Here's our work place with Windows95 and XOberon. "Tonky", the
Orang-Utan mascot of team 'Interclick', kept an eye on us,
wondering why we were spending such efforts for just a
mail-collecting robot. On the shelf resides also the digital
storage oscilloscope (DSO) to tackle the issues in the dot-matrix
That's our robot with some large batteries inside. On the left
side resides the large cantilever arm incorporating an
electro-magnetic pick-up device and an inductive sensor at its
end. The cantilever arm is driven by a huge radio-control servo.
Not the best solution, but reliable enough for our purposes.
Behind the cantilever arm is the embedded PowerPC rack with the
dot-matrix LCD mounted on the top.
The pick-up of the letters, which had a magnetic metal plate inside, was realized through our very strong electro-magnet: It was so strong, that it was able to pick up twice two letters at the same time during the competition. The letters were located very close by each other. Our strategy in that case was to pick up only the first one. But, when anything must go right, it will - scarcely known as Murphy's second law ;-). Although this was never tested before, we were lucky enough by having exactly the right speed and timing, so that the cantilever arm was at an adequate position above the second letter to have sufficient electro-magnetic field force through the first letter to pick up the second one as well. You can't see the magnet, he's behind the inductive sensor for detecting the letters. Attached to the side of the aluminium cover is one of the infrared distance sensors.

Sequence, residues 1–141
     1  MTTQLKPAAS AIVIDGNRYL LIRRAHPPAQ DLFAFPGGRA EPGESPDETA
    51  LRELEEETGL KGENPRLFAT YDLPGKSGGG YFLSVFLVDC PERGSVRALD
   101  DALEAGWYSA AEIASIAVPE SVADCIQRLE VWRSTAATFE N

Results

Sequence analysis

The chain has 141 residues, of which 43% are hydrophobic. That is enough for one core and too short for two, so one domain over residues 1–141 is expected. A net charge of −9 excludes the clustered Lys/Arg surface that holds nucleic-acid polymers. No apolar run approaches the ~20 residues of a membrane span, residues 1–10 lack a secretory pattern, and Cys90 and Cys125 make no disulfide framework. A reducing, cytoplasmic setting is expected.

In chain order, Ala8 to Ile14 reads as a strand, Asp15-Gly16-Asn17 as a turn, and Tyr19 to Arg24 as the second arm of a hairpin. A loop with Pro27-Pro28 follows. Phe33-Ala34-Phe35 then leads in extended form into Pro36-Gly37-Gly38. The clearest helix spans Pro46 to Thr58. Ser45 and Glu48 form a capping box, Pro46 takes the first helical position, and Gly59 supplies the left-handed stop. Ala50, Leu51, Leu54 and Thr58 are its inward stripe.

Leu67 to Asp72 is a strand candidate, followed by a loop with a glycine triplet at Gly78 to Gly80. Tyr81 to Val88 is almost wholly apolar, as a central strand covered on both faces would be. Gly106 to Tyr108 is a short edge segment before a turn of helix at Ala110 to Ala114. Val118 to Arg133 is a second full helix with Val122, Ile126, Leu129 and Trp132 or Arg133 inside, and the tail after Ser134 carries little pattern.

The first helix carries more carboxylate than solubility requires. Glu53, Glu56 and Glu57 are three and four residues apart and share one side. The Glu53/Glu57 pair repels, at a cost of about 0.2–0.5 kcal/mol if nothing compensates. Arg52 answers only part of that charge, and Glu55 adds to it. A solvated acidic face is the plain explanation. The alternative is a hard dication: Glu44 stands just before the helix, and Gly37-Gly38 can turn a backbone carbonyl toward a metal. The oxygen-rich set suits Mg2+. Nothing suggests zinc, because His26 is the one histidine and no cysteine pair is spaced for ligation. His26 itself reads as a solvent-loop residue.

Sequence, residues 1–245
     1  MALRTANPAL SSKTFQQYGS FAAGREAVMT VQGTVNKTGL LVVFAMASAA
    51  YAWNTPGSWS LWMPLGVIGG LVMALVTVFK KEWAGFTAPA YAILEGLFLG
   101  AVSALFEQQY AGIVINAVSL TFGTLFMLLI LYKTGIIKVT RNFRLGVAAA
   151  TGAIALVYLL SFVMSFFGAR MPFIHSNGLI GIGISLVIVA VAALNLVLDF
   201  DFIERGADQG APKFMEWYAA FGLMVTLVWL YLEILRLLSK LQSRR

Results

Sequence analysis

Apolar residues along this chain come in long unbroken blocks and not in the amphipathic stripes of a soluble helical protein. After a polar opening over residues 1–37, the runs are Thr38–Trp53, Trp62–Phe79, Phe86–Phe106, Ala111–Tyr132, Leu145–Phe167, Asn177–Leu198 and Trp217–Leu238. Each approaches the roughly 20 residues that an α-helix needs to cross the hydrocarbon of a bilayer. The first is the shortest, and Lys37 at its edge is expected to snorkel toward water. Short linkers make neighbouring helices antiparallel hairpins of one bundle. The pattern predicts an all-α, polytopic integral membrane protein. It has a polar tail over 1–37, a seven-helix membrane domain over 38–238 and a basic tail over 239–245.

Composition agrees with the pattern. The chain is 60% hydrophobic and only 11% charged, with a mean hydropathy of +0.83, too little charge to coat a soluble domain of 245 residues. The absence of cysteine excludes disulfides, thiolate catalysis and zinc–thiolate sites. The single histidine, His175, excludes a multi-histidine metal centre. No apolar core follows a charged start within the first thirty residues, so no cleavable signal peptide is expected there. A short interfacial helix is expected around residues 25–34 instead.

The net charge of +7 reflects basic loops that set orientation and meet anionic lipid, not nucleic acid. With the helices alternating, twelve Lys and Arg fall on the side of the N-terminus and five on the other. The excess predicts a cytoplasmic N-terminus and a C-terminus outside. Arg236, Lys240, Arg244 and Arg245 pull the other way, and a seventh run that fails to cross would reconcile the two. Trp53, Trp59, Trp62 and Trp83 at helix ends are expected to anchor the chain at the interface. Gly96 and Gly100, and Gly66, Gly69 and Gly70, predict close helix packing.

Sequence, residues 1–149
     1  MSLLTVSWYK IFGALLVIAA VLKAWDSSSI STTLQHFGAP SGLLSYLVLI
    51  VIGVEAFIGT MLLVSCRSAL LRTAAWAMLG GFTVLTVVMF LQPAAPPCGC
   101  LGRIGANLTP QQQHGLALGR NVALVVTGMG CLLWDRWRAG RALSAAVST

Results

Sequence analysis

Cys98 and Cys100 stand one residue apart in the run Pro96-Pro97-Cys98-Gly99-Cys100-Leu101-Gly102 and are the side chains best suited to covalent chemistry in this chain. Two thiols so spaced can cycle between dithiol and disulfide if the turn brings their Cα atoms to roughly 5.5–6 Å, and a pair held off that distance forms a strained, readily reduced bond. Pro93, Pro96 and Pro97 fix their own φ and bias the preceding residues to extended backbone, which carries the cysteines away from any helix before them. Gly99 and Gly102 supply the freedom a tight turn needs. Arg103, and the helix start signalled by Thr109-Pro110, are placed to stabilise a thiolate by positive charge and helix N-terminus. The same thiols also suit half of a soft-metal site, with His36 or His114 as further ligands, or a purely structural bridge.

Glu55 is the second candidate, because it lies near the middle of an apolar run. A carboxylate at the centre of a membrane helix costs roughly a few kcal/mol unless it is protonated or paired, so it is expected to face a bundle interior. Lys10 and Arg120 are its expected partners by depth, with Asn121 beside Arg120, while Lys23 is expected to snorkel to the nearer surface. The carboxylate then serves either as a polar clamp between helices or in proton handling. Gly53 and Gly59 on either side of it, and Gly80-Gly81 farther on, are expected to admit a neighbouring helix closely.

Solving technical issues in limited time...
In front, our Matlab hacker Gabriel (map of waypoints and way simulation), behind the two XOberon hackers; with red T-Shirt Thomas, and finally me.
Our robot in action, already having collected some
Here you can see the two infrared distance sensors measuring the distance to the right wall. We applied plausibility checks for any delivered sensor data. If the deviation of the actual sensor distance compared to historic data was too large, the data was treated as invalid, for instance by traversing an edge.